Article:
Global coronavirus pandemic infections tops half-million

Volunteer Djuradj Babic handing out laptops to students at East Los Angeles College during the global outbreak of coronavirus in Monterey Park, California, USA, March 26, 2020.
Volunteer Djuradj Babic handing out laptops to students at East Los Angeles College during the global outbreak of coronavirus in Monterey Park, California, USA, March 26, 2020. © Mario Anzuoni, REUTERS

With Italy and France suffering a setback Thursday as coronavirus death tolls and cases mounted, mirroring trends in Spain and the US, the number of infections worldwide topped the half-million mark even as more than a third of the world’s population was under some form of lockdown, putting strains on the global economy.


The human and economic toll of the lockdowns against the coronavirus mounted Thursday as India struggled to feed the multitudes, Italy shut down most of its industry, and a record-shattering 3.3 million Americans applied for unemployment benefits in a single week.

As the number of deaths due to the infection climbed to about 23,000, the damage to people's livelihoods and their well-being from the effort to flatten the rising curve started to come into focus.

In France, health authorities reported 365 new deaths from coronavirus on Thursday, taking the total to 1,696.

The rise in the number of deaths represents a daily rise of 27 percent, a marked increase from the previous day with the country now in its second week of lockdown.

This daily government tally only accounts for those dying in hospital, but authorities said they would soon be able to compile data on deaths in retirement homes, which is likely to result in a big increase in registered fatalities.

Poor abandoned in Modi’s India

In India, where Prime Minister Narendra Modi has ordered the country's 1.3 billion people to stay home, legions of poor were suddenly thrown out of work, and many families were left struggling for something to eat.

“Our first concern is food, not the virus,” said Suresh Kumar, 60, a bicycle rickshaw rider in New Delhi whose family of six relies on his daily earnings of 300 rupees, or $4 (€3.6). “I don’t know how I will manage.”

India has the world's second-highest number of people living in extreme poverty. Rickshaw drivers, produce peddlers, maids, day labourers and other low-wage workers form the backbone of the economy, and many live day to day on their pay and have no savings to fall back on.

The Indian government announced a 1.7 trillion rupee ($22 billion, €20bn) economic stimulus package that will deliver monthly rations of grain and lentils to a staggering 800 million people.

New York State the new hotspot

Around the globe, the death toll stood at nearly 8,200 in Italy, more than 4,100 in Spain and over 1,000 in the US. New York State, the worst hotspot in the America, accounted for about 400 of the US deaths. Most of those were in New York City, where hospitals are getting swamped with patients.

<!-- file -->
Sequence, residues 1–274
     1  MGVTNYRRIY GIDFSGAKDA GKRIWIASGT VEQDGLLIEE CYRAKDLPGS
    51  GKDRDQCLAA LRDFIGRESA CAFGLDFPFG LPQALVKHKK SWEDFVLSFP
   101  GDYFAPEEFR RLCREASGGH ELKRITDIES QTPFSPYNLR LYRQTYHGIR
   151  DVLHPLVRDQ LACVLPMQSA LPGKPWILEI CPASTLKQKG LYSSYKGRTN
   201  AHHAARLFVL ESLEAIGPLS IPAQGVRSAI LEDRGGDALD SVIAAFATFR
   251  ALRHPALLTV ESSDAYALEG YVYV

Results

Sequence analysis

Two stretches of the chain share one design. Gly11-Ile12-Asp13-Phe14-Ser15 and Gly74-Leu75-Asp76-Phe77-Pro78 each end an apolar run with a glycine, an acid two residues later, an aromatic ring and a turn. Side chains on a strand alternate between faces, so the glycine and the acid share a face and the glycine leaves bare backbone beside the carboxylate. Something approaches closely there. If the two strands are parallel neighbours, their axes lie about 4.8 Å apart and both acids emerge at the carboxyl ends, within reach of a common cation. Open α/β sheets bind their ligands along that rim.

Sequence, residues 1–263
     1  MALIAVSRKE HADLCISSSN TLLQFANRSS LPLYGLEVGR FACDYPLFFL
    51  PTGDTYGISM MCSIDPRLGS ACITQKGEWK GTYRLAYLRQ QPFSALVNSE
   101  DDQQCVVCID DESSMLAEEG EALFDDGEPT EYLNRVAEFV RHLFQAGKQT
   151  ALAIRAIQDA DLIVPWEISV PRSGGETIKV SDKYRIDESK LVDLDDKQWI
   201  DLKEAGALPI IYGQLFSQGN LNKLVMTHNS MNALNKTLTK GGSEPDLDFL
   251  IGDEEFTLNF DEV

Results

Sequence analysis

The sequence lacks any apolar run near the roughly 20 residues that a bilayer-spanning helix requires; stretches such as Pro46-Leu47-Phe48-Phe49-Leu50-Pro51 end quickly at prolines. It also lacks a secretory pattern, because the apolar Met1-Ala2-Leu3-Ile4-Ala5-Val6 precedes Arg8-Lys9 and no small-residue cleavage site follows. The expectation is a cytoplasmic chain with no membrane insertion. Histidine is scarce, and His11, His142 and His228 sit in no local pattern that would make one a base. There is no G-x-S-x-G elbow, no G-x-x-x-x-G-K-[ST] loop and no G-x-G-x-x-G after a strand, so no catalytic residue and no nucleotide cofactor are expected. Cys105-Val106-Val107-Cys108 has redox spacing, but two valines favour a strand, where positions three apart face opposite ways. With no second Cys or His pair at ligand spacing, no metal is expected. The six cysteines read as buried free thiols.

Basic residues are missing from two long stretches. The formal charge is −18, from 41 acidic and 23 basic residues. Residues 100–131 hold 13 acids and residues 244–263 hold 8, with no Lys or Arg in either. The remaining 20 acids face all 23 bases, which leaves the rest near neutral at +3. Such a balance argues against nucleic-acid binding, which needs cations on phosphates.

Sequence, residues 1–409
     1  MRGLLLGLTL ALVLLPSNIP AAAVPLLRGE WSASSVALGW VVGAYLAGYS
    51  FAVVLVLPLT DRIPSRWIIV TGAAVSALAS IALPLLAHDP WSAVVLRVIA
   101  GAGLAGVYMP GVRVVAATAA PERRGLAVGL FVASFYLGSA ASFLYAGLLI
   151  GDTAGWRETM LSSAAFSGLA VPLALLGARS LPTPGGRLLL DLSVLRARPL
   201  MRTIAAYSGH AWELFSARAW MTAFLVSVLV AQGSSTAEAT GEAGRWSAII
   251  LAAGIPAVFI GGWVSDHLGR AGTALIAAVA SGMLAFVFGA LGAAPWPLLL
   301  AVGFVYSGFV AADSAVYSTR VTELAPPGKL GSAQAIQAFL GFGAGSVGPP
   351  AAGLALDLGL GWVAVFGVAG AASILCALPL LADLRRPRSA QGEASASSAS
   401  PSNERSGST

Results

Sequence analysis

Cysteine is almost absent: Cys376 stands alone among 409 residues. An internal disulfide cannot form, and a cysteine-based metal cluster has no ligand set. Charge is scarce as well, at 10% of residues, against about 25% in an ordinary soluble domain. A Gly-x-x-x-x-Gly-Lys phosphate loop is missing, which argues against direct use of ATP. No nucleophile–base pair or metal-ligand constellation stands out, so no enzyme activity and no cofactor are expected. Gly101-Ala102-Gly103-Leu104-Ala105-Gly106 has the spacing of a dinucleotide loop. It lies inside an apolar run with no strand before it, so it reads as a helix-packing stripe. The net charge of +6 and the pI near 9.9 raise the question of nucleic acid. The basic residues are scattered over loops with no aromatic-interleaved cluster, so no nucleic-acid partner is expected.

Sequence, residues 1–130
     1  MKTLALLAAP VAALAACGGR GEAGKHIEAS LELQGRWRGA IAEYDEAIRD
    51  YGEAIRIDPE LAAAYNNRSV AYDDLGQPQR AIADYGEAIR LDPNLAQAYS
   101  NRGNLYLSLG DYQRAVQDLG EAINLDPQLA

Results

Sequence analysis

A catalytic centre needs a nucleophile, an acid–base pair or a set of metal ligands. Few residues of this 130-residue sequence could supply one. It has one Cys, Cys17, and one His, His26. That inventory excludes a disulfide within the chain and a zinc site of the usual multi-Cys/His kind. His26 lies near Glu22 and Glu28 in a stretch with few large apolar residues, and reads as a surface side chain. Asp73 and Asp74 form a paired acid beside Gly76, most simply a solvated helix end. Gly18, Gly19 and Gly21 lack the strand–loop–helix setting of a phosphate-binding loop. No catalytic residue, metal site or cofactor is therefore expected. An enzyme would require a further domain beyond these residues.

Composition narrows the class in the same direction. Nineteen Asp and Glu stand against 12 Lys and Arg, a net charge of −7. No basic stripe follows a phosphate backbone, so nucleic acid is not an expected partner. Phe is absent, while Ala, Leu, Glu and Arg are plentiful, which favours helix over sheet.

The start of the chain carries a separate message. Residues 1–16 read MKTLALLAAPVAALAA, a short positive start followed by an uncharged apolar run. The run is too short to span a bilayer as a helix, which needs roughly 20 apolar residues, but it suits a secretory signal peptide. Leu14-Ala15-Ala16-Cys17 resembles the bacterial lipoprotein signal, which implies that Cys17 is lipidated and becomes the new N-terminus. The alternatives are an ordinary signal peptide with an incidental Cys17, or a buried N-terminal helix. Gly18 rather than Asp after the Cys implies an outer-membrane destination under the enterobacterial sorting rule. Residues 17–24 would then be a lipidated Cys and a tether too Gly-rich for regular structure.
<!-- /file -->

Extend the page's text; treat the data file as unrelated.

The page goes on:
From New York's Fifth Avenue and London's Piccadilly Circus to the boulevards of Paris and the streets of Rome and Madrid, restaurants, hotels, airlines, giant chains and small shops are all shuttered, and factories across both continents have ground to a halt, as cities, states and entire countries have ordered the closing of nonessential businesses and instructed people to stay home.

Companies in Europe are laying off workers at the fastest pace since 2009, according to surveys of business managers. And the US is bleeding jobs as well: The number of Americans applying for unemployment benefits last week was nearly five times the old record, set in 1982.

Dann Dykas, 37, of Portland, Oregon, was laid off from his job helping design and set up displays for trade shows.

“Everything is so surreal," he said. "I can't even get an interview for another job, and we now have to worry more about being careful and taking care of ourselves.”

In Georgia, 33-year-old Ian Smith was let go from his job at a wine bar and is working “side hustles” and relying on the generosity of friends.

“On my worst days, it’s hopelessness, and on some of my better days, it’s ‘What possibility can I create in all of this?'” he said. “I can’t pretend that I always feel that, though.”

Markets respond to US rescue package

In a rare positive sign, stocks rallied on Wall Street for the third straight day after an unprecedented $2.2 trillion economic rescue package to help businesses, hospitals and ordinary Americans pull through the crisis cleared the Senate. The plan, which is expected to be voted on in the House on Friday, would dispense cheques of $1,200 (€1086) per adult and $500 (€452) per child.

US President Donald Trump announced that federal officials are developing guidelines to rate counties by risk of virus spread, as he aims to ease the restrictions meant to slow the outbreak.

The British government unveiled another relief effort, this time aimed at the gig economy, many of whose workers are facing financial ruin. The government will give the self-employed grants equal to 80 percent of their average monthly profits, up to £2,500 ($2,975, €2,760) per month.

Africa catches up

South Africa, with the most industrialised economy in Africa, headed into a three-week lockdown starting Friday. The country is already in recession, with an unemployment rate of 29 percent.

While the coronavirus epidemic was slow to reach Africa, the number of cases and deaths have been rising, raising fears of how the continent, plagued by poverty and poor health infrastructure could cope with the crisis.

At an unprecedented video conference Thursday, the leaders of the G20 grouping of major industrialised nations vowed to work together to confront the crisis. A statement at the end of the meeting mentioned an injection of US$5 trillion (€4.5tn) into the global economy, but no specific commitments were made.


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